All Your Disposable Income Are Belong to Us

In an editorial opposing an increase in the gasoline tax the editors of the Wall Street Journal make a number of good points. The federal excise tax on gasoline funds a lot more than interstates these days:

But since the 1990s, the Highway Trust Fund has come to fund much more than new roads and bridges and highway maintenance, abandoning the original “user pays” principle behind a gas tax. Drivers now see about a quarter of their gas taxes diverted to subsidize mass transit in merely six metro areas and sundry other programs for street cars, ferries, sidewalks, bike lanes, hiking trails, urban planning and even landscaping nationwide. Trolley riders, et al., contribute nothing to the HTF.

Federal spending on such side projects has increased 38% since 2008, while highway spending is flat. Here’s what the politicians won’t say: Simply using the taxes that are supposed to pay for highways to, well, pay for highways makes the HTF 98% solvent for the next decade, no tax increase necessary.

Our infrastructure (defined as roads and bridges) isn’t in as bad a shape as the advance publicity might lead you to believe:

Another myth is that U.S. roads and bridges are “crumbling,” to use the invariable media description. Federal Highway Administration data show that the condition, quality and safety of U.S. surface transportation are steadily improving. The Chicago Federal Reserve Bank noted in a 2009 paper that roads have “indisputably” improved over the last two decades and that “the surface of the median interstate highway mile is suitable for superhighway speeds not typically permitted in the United States.”

And states are actually able to build roads and bridges more efficiently than the federal government is:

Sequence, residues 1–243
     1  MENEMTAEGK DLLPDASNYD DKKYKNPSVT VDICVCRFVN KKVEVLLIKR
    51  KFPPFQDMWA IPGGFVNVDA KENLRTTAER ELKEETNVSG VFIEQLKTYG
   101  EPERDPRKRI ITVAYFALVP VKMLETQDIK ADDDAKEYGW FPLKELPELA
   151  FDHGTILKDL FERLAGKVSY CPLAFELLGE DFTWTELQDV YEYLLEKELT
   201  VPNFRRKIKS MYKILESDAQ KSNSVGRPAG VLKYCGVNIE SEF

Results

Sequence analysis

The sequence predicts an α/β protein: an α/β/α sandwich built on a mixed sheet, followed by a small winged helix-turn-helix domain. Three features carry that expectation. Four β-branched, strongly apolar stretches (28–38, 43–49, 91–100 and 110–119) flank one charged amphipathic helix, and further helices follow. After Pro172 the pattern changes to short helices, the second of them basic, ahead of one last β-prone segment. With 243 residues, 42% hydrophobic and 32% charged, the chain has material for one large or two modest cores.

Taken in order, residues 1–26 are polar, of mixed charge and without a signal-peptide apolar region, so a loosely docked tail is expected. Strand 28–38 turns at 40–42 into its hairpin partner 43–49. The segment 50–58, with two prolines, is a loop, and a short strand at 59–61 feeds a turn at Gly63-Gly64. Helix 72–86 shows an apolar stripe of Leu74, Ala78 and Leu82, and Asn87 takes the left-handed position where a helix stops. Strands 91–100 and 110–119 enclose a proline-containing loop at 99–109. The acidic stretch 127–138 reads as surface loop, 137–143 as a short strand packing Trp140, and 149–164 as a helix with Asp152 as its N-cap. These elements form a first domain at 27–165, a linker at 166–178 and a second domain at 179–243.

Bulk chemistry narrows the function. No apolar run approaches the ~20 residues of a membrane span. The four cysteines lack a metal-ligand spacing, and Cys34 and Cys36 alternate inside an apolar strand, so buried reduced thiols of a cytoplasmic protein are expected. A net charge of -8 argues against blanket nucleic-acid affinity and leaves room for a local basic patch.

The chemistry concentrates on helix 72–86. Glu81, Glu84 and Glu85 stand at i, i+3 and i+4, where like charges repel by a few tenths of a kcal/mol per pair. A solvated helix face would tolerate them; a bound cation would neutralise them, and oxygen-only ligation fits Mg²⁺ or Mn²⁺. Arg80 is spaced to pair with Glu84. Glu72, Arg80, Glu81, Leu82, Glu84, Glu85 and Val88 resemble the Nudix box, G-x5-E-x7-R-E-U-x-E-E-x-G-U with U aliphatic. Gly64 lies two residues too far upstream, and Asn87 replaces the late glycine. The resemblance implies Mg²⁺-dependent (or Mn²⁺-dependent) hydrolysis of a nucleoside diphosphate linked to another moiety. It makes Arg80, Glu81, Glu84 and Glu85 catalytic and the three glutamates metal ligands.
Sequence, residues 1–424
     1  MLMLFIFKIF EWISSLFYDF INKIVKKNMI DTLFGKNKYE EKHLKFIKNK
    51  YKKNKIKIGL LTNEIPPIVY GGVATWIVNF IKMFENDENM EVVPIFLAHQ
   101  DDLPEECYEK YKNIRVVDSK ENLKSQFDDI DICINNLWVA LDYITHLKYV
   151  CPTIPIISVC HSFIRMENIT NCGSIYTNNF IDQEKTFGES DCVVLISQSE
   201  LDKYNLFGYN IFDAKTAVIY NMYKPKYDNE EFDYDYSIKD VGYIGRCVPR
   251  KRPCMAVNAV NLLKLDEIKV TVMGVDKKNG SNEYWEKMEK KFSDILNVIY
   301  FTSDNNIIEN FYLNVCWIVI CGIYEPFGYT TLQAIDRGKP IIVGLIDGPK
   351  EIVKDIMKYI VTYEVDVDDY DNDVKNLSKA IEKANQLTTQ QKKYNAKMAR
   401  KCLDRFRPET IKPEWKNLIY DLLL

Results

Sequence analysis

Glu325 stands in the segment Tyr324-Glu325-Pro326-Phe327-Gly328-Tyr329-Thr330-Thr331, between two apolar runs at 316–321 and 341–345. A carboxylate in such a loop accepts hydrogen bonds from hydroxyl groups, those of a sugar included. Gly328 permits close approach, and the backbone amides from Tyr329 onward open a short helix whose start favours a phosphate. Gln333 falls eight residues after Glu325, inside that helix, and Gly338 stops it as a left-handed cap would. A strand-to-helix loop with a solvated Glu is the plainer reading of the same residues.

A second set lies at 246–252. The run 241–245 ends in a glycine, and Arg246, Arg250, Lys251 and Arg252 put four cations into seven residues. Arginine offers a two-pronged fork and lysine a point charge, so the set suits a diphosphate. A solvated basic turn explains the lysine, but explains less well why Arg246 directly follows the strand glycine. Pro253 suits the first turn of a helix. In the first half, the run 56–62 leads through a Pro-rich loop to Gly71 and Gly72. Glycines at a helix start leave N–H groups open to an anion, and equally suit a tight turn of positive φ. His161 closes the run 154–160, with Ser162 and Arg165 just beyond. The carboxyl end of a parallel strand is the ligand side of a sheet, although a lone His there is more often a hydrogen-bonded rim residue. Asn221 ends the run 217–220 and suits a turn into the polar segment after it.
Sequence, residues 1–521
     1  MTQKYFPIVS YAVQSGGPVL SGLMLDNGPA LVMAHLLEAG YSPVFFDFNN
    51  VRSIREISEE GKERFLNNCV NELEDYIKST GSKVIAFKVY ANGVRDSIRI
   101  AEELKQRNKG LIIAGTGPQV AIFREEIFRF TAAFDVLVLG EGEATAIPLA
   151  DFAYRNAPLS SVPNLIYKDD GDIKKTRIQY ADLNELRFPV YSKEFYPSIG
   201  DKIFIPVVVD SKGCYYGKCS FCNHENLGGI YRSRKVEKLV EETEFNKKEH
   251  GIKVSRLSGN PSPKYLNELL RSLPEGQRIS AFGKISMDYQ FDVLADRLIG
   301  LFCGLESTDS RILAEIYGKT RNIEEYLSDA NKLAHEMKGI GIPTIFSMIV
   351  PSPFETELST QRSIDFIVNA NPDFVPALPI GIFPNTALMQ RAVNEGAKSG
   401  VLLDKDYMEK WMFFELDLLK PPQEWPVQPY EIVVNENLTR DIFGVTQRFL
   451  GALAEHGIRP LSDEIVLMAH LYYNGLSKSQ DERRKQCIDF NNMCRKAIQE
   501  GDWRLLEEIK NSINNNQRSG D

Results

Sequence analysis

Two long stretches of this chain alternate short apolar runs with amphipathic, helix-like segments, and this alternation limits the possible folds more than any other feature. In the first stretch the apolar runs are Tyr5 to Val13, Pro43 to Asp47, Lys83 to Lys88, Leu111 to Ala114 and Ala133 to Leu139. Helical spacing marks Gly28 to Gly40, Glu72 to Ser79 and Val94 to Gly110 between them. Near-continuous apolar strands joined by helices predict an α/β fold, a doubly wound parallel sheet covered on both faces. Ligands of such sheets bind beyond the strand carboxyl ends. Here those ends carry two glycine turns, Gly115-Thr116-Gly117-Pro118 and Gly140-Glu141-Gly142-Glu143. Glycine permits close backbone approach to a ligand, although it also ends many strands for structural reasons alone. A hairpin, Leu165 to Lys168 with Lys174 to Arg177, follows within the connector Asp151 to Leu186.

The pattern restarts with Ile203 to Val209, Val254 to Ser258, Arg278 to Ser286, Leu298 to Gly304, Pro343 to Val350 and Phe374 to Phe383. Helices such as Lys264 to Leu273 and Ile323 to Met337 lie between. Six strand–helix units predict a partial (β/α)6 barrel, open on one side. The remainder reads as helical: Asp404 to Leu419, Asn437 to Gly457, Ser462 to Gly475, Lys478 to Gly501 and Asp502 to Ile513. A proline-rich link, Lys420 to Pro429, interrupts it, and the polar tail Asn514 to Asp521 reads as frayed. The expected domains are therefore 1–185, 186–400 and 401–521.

Almost three-quarters of highway spending is already supplied by state and local governments, and if the federal role is reduced, they can decide either to increase their own gas taxes; fund roads some other way, such as tolls or public-private partnerships; or use tax dollars for other priorities like schools. States can build cheaper in any case, since the Davis-Bacon prevailing wage rules and Buy America procurement provisions that accompany federal funding don’t apply.

The points I wish they had made is that if the income that lower gas prices brings is used as a windfall for federal revenues (by increasing the gas tax) it will affect the economy adversely and the gas tax is very regressive.

I know that someone will quote the civil engineers’ report to me. Their annual report says nothing about what roads and bridges are worth repairing but only addresses the raw numbers of roads and bridges and their condition. A bridge over a creek in rural Wyoming that hasn’t been used by anybody in a decade has the same weight in the engineers’ report as a brand spanking new bridge in Chicago that 10,000 people use every day. We have a lot of old, dilapidated useless roads and bridges.

One modest proposal for those who believe we should be using less gas: rather than building more roads start removing some. Interstates allow areas to be developed that otherwise would not be. They encourage gasoline consumption.

9 comments… add one
  • ... Link

    Our infrastructure (defined as roads and bridges) isn’t in as bad a shape as the advance publicity might lead you to believe:

    Yeah, I’ve been hearing that every bridge in America is going to fall down ANY MINUTE NOW since the mid-1980s. And that’s just as far back as I have been paying attention, it could back to the time the Jamestown settlers got off the boat, for all I know. “The Roanoke Colony failed for lack cut roadways, your Majesty!”

    Anyway, in all that time, I recall only two, the one up in Minneapolis, and I think one may have failed down here once. Maybe. But most of the problems we’ve had in my area have come from people crashing into the bridges, which can’t conceivably count.

  • My reaction to the Minneapolis bridge failure (I think I wrote a post on it) was twofold:

    1. What the heck is the federal government doing subsidizing a bridge within Minnesota?

    2. Why aren’t the people of Minnesota interested in keeping the bridge up?

    IIRC the final finding there was that there was actual malfeasance.

    most of the problems we’ve had in my area have come from people crashing into the bridges